A Scottish study comparing the carbon footprints of a variety of seafood products has concluded that mackerel and herring caught by the Scottish pelagic fleet are the idea food choice for environmentally conscious consumers.
The study was completed by Frances Sandison as part of her PhD studies, and funded by the Scottish Pelagic Sustainability Group, Shetland Islands Council, University of Aberdeen, University of the Highlands and Islands, and Shetland Fish Producers’ Organisation.
The environmental impacts of pelagic fish caught by Scottish vessels concludes that UK farmed salmon has a 7.2 times higher carbon footprint that pelagic oily fish, while Norwegian caught cod and haddock are 3.5 and 3.9 times higher.
This study extends her earlier conclusions at the NAFC Marine Centre (part of the University of the Highlands and Islands), establishing that the carbon footprint of the Shetland mackerel trawl fishery was much lower compared to land-based meat production, including chicken, beef and pork. Seafood production in general has a lower carbon footprint than land-based meat production.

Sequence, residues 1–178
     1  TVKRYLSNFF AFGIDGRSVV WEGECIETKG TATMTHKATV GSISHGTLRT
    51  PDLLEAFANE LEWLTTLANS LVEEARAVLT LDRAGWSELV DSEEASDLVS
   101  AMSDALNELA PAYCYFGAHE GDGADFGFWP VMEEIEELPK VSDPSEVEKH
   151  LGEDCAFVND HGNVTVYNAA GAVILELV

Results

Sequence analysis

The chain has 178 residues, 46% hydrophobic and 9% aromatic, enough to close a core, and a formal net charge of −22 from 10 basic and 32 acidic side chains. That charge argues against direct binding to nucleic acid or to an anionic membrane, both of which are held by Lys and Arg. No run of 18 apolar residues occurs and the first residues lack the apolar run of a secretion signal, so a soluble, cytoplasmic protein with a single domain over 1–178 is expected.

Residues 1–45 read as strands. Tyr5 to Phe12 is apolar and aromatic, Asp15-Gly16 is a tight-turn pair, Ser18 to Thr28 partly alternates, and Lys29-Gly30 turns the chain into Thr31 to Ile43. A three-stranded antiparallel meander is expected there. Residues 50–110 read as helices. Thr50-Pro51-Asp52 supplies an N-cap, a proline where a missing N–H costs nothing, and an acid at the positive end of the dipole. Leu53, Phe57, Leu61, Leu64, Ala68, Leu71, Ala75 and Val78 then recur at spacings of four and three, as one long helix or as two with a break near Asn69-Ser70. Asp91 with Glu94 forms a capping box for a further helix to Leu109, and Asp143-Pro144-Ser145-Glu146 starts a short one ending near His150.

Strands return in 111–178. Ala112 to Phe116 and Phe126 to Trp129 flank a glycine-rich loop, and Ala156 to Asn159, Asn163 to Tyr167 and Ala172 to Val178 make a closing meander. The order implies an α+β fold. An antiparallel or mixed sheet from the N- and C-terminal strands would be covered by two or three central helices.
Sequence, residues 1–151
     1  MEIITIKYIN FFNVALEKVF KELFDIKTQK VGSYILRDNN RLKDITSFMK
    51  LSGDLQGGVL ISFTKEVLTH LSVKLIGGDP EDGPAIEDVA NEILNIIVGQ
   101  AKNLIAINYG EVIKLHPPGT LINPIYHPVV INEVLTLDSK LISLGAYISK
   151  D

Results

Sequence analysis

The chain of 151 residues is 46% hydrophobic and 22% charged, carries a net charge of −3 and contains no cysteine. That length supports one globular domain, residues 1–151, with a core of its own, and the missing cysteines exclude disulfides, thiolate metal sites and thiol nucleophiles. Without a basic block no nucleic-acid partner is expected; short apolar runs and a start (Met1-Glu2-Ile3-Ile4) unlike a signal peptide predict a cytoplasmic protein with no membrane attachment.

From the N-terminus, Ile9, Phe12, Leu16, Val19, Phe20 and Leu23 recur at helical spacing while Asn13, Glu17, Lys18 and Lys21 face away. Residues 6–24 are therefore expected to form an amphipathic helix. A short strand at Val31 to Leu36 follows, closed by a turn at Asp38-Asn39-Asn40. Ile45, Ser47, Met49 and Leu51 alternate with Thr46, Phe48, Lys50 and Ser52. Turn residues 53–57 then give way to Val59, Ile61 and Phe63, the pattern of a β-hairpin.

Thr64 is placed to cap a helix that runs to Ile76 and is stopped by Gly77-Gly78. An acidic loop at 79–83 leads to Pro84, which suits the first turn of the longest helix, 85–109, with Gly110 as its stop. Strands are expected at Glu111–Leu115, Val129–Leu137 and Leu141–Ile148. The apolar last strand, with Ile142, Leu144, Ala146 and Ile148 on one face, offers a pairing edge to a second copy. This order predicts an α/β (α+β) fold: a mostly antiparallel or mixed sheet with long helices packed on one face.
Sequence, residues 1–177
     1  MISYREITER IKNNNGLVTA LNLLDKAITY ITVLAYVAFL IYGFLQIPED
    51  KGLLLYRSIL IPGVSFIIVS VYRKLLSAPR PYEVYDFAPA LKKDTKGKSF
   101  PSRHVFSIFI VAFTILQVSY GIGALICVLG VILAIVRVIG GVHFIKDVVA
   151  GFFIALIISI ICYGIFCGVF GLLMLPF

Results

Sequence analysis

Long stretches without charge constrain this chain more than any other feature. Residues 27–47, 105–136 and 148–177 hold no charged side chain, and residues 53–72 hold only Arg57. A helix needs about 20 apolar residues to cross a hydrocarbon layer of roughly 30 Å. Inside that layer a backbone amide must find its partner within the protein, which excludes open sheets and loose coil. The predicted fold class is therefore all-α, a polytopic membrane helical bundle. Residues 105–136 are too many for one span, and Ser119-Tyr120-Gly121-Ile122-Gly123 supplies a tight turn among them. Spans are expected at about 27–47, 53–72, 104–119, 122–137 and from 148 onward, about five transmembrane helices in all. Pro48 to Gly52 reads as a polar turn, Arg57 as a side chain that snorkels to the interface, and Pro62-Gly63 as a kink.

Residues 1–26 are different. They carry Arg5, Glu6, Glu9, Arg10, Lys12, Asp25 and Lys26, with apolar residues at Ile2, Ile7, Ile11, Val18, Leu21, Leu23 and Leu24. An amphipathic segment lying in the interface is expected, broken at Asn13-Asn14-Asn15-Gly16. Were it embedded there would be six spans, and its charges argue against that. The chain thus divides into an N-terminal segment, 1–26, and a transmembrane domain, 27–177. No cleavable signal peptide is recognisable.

‘In Scotland we have access to a fantastically low impact, highly nutritious, locally caught source of protein. Compared to other meat sources the choice is clear for the environmentally conscious consumer – we should be eating more local pelagic fish,’ Frances Sandison said.
The key factor is fuel consumption during fishing. Enhancing fuel efficiency through innovations in vessel design and fishing practices, and a transition to alternative fuel sources are part of the Scottish pelagic sector’s efforts to minimise emissions.
‘We congratulate Frances on the successful completion of her research. For the Scottish pelagic sector there is a lot at stake with climate change, given that mackerel and herring have an established global trade that helps ensure food security as an affordable and nutritious protein in many parts of the world,’ commented Ian Gatt, chairman of the Scottish Pelagic Sustainability Group.
‘Scottish fishermen have invested heavily in modern vessels and fish handling systems, and processors in the latest equipment, to ensure a high quality, low carbon footprint product that can be delivered to market in the most efficient manner. Scottish mackerel and herring production really do tick all the right boxes when it comes to sustainability, nutrition, and low carbon footprint.’